Arthur Hills, golf course designer who built many Michigan gems, renovated Oakland Hills, dies at 91
Arthur Hills, the legendary golf course architect who built more than 200 tracks around the world, including at least 20 in Michigan and renovated 150 more including Oakland Hills to beef it up for the 1996 U.S. Open and 2004 Ryder Cup, died Tuesday.
He was 91.
The American Society of Golf Course Architects announced his death, with no cause given. He died in Ohio.
Hills' best Michigan course arguably is Bay Harbor, with other notable courses including Red Hawk in East Tawas, Shepherd's Hollow in Clarkston, Stonebridge in Ann Arbor, HawksHead in South Haven, Fieldstone in Auburn Hills, Fox Hills in Plymouth, Lakes of Taylor, Lyon Oaks in Wixom, Oakhurst in Clarkston, Glacier Club in Washington Township, Egypt Valley in Ada, The Moors in Portage and Pine Trace in Rochester, as well as a nationally-renowned course at the Boyne Highlands Resort.
"As a kid drawing golf holes and dreaming about becoming a designer, I would read the magazines and marvel at the articles about his new courses," ASGCA president Forrest Richardson said in a press release announcing Hills' death. "While he left an incredible legacy of work across the world, for me I will always recall the kindness he showed a young aspiring student — a gift we should all pay forward."
Hills held degrees from Michigan State (1953, science) and Michigan (1960, landscape architecture), and he was a captain of the Spartans' golf team. He also briefly attended his hometown college, Toledo, and started out in the landscape architecture business. He founded his golf course architect firm in 1966, in Toledo, Ohio. To get started, Hills took out an ad in the Toledo Yellow Pages. His first course, Brandywine Country Club in Toledo, was designed in 1967.
He built 17 courses in Ohio.
Hills' courses were easily identifiable by avid golfers, particularly the difficult, undulating greens. But he also had a soft spot for the everyday hack, and worked to make his courses playable for players of all skill levels. He liked risk-reward holes.
Hills built courses in at least 26 states and six other countries, including Canada, Sweden, Mexico, Portugal, Croatia and Thailand.
Hills never had the notoriety of legendary designers like Tom Fazio, Jack Nicklaus, Donald Ross, Tom Doak and Pete Dye, the latter being another Midwest standout, but he had his fans and his courses continue to have theirs.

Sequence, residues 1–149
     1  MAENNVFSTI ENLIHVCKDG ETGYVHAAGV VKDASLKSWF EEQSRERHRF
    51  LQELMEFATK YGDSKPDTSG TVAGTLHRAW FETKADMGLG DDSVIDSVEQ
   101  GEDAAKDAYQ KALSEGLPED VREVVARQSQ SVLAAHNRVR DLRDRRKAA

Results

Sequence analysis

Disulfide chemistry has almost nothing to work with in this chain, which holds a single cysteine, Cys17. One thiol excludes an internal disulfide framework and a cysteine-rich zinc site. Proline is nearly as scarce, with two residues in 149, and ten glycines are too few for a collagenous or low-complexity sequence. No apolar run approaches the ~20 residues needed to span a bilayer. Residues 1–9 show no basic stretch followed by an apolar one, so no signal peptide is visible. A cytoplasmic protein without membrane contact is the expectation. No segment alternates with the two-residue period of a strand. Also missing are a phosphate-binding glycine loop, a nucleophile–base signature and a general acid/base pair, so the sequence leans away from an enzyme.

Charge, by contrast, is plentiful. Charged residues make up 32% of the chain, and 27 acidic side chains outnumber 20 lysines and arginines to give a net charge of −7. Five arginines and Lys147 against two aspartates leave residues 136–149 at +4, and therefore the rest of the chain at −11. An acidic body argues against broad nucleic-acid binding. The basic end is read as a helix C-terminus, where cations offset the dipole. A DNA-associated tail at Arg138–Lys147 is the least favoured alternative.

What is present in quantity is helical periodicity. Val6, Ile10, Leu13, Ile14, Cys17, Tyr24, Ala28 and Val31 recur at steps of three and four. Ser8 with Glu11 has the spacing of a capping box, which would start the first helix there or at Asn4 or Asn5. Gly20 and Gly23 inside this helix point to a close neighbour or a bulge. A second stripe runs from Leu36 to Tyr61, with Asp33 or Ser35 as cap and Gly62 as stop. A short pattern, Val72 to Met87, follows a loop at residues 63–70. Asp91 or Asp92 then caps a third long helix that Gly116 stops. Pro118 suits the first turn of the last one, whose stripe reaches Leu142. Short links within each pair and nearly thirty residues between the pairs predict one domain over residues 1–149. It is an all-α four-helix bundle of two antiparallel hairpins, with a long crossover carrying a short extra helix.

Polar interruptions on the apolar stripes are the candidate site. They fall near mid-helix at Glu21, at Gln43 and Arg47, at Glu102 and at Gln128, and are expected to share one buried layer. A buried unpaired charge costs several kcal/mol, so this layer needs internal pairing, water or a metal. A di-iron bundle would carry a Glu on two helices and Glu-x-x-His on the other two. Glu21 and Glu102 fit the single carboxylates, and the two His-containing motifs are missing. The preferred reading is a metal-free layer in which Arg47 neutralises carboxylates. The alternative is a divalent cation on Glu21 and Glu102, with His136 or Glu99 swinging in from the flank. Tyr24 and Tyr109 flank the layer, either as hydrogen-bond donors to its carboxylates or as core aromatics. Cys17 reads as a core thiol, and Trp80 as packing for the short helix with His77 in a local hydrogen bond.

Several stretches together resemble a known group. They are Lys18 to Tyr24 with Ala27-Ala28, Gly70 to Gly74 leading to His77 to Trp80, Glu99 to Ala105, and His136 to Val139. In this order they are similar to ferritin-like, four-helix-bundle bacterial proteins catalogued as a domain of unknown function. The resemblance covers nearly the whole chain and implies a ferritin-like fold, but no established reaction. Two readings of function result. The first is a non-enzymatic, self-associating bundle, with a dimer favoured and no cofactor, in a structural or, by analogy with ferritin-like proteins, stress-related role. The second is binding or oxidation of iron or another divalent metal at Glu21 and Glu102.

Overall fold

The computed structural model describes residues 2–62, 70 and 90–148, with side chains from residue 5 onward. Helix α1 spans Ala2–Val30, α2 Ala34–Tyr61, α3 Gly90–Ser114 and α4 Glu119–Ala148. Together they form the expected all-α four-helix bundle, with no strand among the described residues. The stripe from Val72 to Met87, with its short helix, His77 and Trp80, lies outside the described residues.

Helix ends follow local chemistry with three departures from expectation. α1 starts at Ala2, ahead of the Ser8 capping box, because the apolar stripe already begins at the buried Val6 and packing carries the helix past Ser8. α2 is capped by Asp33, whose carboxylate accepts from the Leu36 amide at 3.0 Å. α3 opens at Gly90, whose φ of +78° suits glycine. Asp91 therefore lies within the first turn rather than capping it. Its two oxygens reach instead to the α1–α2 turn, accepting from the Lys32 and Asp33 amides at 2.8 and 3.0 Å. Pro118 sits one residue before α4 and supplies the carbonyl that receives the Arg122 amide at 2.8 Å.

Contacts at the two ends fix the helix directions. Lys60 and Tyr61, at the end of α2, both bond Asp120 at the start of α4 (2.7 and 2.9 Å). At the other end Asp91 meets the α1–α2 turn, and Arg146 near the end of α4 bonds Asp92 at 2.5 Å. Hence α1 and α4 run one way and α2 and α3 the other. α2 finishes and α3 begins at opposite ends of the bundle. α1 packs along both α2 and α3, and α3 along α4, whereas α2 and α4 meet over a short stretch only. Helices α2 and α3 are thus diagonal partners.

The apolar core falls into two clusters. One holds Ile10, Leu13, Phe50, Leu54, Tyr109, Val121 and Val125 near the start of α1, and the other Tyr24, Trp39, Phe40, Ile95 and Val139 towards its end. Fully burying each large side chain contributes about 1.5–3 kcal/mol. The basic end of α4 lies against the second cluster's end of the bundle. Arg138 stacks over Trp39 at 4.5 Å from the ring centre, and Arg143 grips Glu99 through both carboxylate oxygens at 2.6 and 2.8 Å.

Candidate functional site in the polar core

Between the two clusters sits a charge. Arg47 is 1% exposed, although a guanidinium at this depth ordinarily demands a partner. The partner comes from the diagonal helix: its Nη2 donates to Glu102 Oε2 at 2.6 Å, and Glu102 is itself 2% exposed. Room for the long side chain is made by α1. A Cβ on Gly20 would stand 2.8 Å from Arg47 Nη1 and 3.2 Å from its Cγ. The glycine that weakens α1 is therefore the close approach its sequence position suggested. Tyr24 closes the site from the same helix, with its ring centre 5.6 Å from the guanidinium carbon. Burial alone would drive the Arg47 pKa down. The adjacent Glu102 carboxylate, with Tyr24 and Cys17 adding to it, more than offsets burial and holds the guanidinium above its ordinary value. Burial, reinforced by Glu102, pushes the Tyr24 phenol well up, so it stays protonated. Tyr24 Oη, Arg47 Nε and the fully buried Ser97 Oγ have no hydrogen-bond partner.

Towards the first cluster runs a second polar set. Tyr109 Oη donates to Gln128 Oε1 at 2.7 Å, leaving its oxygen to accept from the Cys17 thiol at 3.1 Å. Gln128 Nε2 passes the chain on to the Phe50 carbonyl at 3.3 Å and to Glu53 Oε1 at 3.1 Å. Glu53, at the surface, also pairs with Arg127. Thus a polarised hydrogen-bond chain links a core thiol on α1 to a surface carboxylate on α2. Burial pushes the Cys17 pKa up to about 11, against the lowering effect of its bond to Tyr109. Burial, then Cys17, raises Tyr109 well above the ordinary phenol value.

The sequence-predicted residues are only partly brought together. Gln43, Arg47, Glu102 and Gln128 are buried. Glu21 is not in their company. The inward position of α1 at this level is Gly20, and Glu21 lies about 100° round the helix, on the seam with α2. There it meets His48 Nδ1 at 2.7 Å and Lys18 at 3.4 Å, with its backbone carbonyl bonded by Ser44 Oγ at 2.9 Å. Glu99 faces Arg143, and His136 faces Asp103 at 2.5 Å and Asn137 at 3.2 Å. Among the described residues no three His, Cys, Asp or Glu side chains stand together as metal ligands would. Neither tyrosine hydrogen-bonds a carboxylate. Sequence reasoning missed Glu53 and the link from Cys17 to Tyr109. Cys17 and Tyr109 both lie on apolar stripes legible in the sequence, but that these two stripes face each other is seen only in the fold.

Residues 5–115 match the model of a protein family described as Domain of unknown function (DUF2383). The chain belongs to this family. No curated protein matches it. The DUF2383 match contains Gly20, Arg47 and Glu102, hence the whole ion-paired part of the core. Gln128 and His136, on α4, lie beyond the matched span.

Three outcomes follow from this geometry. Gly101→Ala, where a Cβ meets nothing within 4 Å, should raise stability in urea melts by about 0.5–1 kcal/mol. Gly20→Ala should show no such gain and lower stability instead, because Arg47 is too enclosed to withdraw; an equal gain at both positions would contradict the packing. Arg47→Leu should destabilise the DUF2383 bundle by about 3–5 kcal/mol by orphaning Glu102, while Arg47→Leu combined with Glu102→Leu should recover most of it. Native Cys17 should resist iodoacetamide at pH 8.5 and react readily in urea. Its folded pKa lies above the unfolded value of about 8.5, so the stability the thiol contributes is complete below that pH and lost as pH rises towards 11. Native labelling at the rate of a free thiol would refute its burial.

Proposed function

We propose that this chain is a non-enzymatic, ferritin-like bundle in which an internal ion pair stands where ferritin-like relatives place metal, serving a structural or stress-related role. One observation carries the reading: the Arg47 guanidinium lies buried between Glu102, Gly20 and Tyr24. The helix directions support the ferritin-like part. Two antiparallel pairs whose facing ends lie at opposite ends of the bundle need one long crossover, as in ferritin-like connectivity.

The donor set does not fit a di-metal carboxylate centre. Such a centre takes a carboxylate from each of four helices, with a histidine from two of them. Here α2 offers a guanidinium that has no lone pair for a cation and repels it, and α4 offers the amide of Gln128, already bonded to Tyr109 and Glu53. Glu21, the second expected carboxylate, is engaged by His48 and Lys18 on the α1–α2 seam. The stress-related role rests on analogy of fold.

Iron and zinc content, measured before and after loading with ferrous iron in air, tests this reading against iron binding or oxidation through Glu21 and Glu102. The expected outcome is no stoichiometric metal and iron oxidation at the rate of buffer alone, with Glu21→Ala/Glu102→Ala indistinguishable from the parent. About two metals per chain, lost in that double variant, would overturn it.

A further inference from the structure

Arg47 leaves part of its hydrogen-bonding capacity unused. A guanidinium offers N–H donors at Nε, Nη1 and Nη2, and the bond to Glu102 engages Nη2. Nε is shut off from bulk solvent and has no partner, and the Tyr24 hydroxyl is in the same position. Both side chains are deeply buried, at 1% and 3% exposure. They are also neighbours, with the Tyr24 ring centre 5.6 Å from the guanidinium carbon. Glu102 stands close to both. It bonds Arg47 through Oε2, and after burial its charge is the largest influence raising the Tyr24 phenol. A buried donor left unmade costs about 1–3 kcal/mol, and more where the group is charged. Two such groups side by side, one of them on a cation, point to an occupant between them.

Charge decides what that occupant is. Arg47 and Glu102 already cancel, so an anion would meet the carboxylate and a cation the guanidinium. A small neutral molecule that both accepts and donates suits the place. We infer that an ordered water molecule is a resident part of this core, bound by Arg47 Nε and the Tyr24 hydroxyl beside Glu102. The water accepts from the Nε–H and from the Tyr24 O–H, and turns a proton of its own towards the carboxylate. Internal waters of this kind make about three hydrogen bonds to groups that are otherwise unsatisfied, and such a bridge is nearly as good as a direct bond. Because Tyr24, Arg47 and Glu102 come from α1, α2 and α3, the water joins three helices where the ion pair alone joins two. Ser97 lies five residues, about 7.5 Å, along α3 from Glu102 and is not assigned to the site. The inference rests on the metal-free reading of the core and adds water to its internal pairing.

"I had the privilege of learning all aspects of golf course architecture from a distinguished professional practitioner and humble gentleman over 42 years," said Steve Forrest, a past president of the ASGCA. "Arthur became a father-like figure to me who was a mentor, an instructor, exhorter and admonisher while always trying to improve his own skills and increase his personal knowledge every day."
Hills' passion for the business and the game began early on. He started playing at 7, and later worked on the maintenance crew at Ann Arbor's Barton Hills after his parents moved to Dexter when he was 15. At 20, he won the Ann Arbor City Championship.
Michigan, Ohio and Florida are three states Hills lived in during his life. Those are the three states where he built the most courses. He built so many private clubs in Florida that Dye named him the "Mayor of Naples."
He renovated many more courses, including nearly 20 Ross classics. That included Oakland Hills' South Course in the 1990s, altering several greens to allow for even more challenging pin positions, and again in the early 2000s. The first renovation came before Oakland Hills hosted the 1996 U.S. Open and second before the 2004 Ryder Cup. Hills also renovated Oakland Hills' North Course last decade, as well Ohio's prestigious championship course, Inverness Club.
If Jerry Matthews was Michigan's best-known golf course designer, then Hills was as close to him as Fred Couples' ball was to the water at No. 12 at Augusta in 1992. Three times he was named architect of the year by his peers — he was past president of the ASGCA — and he is a member of Michigan (2011) and Ohio golf halls of fame. He received a lifetime achievement award from the Michigan Golf Course Owners Association in 2017.
“I never felt like it was exhausting,” Hills told the Toledo Blade in 2020. “I enjoyed it very much. I thought I was getting overpaid to do a hobby. It was like stealing money.”
Hills is survived by wife Mary; the couple had eight children, 24 grandchildren and six great-grandchildren. Services are scheduled for next week in Sylvania, Ohio.
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